Energy Harvesting Wearable Used to Monitor Cardiovascular Health

one month ago by Luke James

A team from Purdue University has developed self-powered wearable triboelectric nanogenerators that help conserve mechanical energy and turn it into power. They can be used to monitor the wearer’s cardiovascular health.

If sensor systems are able to efficiently abstract operational power from weak environmental energies, it could pave the way for the development of self-powered health diagnostic devices, among other things.

Now, a research team from Purdue University (PU) in Indiana has developed self-powered wearable triboelectric nanogenerators (TENGs) with polyvinyl alcohol (PVA)-based contact layers to monitor the user’s cardiovascular health. According to Wenzhou Wu, the research team’s leader, PVA-based TENGs show great potential for self-powered biomedical devices and could pave the way for new technologies that use biocompatible materials for the production of functional devices in energy, electronic, and sensor applications.

 

A close-up of Purdue University’s wearable triboelectric generator technology. It is applied to the user’s skin.

A close-up of Purdue University’s wearable triboelectric generator technology. It is applied to the user’s skin. Image Credit: Purdue University.

 

Triboelectric Nanogenerators

TENGs can transform environmental mechanical energy (that would otherwise be wasted) into electrical power, and recent advances in the technology have lent a significant boost to output performance. However, significant obstacles still exist that are hindering the further development of efficient TENGs, namely those based on biocompatible materials.

PVA, as one of the most widely used polymers in current biomedical applications, is believed by the PU team to present an opportunity for biocompatible wearables when used in TENGs.

In the study, the Purdue researchers demonstrate triboelectric devices built with PVA-gelatine composite films that exhibit stable and robust triboelectricity outputs. These wearable devices are able to detect the human pulse and capture the underlying cardiovascular information created by the pulse signals.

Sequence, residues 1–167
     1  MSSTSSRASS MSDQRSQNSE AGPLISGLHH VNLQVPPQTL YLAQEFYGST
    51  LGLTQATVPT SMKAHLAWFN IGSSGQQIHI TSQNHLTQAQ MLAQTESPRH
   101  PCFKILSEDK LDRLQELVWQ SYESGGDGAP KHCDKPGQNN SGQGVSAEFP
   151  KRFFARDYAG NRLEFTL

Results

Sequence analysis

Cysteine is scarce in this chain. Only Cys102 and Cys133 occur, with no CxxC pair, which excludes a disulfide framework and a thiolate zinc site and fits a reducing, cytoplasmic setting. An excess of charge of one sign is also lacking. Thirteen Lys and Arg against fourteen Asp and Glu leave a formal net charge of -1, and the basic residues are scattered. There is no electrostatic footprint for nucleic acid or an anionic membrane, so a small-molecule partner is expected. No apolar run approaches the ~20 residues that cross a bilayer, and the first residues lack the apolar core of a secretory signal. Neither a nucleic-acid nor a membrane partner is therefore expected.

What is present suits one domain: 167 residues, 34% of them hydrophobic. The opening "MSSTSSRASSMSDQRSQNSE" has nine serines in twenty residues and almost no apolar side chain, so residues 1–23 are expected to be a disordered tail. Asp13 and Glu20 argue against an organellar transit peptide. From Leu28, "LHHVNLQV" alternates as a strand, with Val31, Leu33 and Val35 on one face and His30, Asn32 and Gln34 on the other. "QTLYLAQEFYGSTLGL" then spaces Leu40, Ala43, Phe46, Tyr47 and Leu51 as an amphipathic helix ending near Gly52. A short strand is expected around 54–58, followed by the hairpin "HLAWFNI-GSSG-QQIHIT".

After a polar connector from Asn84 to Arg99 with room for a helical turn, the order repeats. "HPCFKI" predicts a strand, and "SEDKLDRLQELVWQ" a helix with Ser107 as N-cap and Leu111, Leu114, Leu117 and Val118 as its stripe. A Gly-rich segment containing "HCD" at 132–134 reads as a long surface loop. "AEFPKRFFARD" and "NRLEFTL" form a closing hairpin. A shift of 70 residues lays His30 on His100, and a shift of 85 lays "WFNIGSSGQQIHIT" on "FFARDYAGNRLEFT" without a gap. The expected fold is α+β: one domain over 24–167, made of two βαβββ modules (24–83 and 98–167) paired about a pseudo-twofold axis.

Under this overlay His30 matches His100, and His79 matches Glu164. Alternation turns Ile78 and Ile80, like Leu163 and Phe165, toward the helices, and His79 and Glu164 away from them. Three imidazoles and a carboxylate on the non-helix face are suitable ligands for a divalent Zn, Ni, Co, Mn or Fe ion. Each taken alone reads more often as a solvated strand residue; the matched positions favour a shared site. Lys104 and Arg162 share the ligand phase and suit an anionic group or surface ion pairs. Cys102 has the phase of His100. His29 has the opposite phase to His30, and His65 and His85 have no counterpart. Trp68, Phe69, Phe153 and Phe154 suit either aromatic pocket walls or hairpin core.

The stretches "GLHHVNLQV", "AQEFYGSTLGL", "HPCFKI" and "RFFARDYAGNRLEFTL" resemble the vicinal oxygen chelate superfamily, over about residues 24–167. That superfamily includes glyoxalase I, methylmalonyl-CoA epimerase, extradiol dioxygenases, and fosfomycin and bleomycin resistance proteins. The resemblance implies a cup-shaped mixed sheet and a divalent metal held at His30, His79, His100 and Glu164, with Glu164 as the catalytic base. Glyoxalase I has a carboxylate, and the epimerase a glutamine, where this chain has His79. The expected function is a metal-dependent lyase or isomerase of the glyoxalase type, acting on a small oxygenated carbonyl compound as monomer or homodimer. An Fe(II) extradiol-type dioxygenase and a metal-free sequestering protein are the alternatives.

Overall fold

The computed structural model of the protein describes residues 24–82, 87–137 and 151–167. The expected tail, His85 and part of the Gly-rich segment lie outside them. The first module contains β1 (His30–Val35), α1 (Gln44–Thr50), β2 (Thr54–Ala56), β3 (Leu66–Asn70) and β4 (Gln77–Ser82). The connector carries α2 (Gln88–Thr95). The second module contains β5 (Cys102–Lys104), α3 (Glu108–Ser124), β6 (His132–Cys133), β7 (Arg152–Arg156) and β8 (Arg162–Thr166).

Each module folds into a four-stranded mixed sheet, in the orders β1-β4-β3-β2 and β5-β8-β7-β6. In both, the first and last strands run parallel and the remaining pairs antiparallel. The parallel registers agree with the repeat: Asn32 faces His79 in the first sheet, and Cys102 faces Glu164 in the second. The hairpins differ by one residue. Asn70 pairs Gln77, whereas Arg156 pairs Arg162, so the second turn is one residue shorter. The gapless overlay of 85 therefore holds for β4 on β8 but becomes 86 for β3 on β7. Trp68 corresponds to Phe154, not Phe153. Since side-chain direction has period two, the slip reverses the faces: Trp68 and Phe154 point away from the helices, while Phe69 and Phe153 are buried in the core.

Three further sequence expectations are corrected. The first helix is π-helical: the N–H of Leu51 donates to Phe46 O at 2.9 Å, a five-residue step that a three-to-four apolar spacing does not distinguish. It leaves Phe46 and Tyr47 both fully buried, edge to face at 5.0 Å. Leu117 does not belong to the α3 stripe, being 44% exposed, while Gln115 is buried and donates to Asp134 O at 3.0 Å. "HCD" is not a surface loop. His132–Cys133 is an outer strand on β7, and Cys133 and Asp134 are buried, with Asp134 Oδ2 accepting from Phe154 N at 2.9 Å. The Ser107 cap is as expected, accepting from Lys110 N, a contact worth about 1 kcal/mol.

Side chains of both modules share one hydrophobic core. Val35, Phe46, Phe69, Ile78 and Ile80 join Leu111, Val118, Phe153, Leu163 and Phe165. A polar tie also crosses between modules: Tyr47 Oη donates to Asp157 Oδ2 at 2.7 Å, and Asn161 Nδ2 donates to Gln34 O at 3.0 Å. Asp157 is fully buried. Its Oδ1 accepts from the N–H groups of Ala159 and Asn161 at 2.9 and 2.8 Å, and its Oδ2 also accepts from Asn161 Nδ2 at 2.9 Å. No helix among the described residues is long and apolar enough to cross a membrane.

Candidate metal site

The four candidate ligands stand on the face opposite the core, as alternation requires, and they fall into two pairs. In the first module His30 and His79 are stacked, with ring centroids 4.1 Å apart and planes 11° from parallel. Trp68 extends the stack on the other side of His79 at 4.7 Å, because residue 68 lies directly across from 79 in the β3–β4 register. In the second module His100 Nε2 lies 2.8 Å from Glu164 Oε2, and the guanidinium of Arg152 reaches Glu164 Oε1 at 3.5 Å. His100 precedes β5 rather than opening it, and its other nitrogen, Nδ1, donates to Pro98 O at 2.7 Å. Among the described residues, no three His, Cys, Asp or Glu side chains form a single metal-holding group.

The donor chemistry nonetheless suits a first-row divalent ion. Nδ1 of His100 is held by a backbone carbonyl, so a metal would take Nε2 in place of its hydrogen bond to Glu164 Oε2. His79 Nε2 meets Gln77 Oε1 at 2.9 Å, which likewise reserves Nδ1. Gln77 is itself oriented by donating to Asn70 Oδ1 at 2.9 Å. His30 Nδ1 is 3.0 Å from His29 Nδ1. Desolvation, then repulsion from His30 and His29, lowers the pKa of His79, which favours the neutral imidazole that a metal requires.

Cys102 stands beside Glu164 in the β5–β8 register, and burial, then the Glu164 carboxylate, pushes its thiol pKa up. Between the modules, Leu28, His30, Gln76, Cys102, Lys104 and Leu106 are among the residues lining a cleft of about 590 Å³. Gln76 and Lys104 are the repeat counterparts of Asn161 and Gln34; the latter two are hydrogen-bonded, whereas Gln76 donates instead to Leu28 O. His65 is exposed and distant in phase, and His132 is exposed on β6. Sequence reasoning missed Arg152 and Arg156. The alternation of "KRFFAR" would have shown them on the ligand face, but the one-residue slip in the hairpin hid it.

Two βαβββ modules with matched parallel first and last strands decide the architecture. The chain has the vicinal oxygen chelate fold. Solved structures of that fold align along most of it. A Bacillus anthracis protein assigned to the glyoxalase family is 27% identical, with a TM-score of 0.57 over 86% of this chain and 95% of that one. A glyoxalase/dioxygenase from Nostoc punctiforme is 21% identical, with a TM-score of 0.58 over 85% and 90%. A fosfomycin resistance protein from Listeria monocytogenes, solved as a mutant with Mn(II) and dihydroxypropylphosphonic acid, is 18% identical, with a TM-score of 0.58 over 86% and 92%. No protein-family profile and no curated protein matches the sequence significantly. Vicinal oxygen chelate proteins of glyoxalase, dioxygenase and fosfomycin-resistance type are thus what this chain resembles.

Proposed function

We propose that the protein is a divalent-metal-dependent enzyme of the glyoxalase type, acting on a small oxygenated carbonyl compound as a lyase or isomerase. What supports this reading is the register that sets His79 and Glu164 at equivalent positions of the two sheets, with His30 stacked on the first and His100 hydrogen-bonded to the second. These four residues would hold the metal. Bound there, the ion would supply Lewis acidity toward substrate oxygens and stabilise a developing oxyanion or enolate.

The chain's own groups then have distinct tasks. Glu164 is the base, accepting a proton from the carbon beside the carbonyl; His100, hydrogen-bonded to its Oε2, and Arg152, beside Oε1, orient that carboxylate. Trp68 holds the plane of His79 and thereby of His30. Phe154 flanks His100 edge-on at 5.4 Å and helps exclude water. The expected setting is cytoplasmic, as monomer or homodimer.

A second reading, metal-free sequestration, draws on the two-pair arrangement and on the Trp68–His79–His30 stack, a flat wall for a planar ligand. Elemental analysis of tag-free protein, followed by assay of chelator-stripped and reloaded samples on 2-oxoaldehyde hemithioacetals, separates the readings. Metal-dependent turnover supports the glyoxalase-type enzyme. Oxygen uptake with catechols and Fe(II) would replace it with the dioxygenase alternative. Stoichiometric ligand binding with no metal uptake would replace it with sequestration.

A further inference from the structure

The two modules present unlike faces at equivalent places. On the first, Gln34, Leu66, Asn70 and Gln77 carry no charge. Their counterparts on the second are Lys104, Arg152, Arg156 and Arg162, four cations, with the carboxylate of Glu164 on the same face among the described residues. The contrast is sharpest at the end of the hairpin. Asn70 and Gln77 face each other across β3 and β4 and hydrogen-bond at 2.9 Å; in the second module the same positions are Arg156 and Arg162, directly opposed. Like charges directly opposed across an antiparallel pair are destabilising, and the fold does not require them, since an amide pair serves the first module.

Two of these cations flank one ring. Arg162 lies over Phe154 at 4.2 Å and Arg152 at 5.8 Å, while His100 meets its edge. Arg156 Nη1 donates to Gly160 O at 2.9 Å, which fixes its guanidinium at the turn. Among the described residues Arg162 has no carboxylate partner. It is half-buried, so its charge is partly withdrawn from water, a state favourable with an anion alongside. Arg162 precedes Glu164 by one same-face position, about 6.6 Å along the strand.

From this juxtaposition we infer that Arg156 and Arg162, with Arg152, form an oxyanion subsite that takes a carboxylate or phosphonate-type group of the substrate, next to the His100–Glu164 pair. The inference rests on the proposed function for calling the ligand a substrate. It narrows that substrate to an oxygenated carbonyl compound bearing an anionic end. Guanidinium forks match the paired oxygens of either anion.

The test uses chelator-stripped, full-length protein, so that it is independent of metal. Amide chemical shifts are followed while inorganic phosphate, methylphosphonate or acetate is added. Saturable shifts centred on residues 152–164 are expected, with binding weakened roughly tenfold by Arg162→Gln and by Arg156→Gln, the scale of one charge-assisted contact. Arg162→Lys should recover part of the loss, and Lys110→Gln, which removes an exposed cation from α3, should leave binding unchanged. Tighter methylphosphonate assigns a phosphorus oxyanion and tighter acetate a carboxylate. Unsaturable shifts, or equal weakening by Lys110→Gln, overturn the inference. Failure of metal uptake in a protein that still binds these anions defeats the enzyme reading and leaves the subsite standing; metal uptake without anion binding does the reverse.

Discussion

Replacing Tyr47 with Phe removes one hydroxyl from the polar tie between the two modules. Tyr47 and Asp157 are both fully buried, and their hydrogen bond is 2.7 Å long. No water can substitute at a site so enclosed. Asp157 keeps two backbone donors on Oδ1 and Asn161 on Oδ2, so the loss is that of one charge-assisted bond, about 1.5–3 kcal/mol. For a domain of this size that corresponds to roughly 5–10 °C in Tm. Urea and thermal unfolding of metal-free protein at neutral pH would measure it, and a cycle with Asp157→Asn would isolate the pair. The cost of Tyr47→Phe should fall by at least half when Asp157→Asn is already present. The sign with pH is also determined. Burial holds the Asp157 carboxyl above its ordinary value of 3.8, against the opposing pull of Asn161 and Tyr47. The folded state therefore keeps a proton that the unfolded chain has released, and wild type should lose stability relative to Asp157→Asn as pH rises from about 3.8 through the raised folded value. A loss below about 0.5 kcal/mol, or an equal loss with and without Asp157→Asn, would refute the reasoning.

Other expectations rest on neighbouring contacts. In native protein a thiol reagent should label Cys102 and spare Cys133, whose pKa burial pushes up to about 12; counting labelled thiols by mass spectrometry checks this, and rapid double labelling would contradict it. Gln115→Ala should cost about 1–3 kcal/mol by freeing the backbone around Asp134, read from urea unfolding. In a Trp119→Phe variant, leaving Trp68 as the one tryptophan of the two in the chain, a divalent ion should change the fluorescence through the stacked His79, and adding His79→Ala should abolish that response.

According to the researchers, their new understanding of the technology and the capabilities that it has presented could enable the design of novel materials for the next generation of biocompatible triboelectric devices. These could be used to monitor a range of physiological signals in health diagnostic applications.

 

Self-powered wearable triboelectric generators with PVA-based contact layers can be used to monitor cardiovascular health. Pictured: a close-up of Purdue University’s wearable sensor technology along with the medical readouts (heart rate graphs) that it can inform.

Self-powered wearable triboelectric generators with PVA-based contact layers can be used to monitor cardiovascular health. Pictured: a close-up of Purdue University’s wearable sensor technology along with the medical readouts (heart rate graphs) that it can inform. Image Credit: Wenzhou Wu, Purdue University.

 

A Valuable Opportunity for Medical Devices?

Today, cardiovascular health is typically measured using echocardiograms. These detect electrical activity in the patient’s heart by using a range of sensor stickers and wires connected to an external machine. Echocardiograms are relatively invasive diagnostics tools that have not yet been adapted into wearable technology.

In contrast, wearable TENGs with PVA contact layers can, according to Wu, “produce fast readout with distinct peaks for blood ejection, blood reflection in the lower body, and blood rejection from the closed aortic valve, which may enable detection of common cardiovascular diseases, such as cardiovascular disease, coronary artery disease, and ischemic heart disease.”

Wu added that PVA could potentially be used in other future self-powered wearables, because the PVA-based triboelectric devices, which function as self-powered sensors to detect and monitor mechanical activities, can harvest the human body’s mechanical energy and use it to support the operations of other biomedical wearables.

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